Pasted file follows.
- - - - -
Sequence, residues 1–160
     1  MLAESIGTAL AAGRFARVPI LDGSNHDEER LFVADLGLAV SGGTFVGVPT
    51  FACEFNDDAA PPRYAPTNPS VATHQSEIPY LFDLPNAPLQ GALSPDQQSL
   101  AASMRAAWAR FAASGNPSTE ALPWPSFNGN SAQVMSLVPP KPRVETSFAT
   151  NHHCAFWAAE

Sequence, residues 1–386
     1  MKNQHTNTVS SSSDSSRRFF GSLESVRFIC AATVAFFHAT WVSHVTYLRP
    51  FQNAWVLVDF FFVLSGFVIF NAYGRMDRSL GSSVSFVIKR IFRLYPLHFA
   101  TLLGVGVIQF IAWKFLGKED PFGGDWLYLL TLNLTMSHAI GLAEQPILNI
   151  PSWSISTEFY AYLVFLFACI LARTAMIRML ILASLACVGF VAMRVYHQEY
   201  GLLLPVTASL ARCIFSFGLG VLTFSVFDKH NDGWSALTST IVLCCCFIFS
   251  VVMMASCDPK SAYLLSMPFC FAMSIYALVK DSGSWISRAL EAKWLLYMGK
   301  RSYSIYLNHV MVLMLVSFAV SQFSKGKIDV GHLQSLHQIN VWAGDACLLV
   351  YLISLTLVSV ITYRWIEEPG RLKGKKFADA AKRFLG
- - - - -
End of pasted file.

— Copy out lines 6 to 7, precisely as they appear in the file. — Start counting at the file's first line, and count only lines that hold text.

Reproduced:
Sequence, residues 1–386
     1  MKNQHTNTVS SSSDSSRRFF GSLESVRFIC AATVAFFHAT WVSHVTYLRP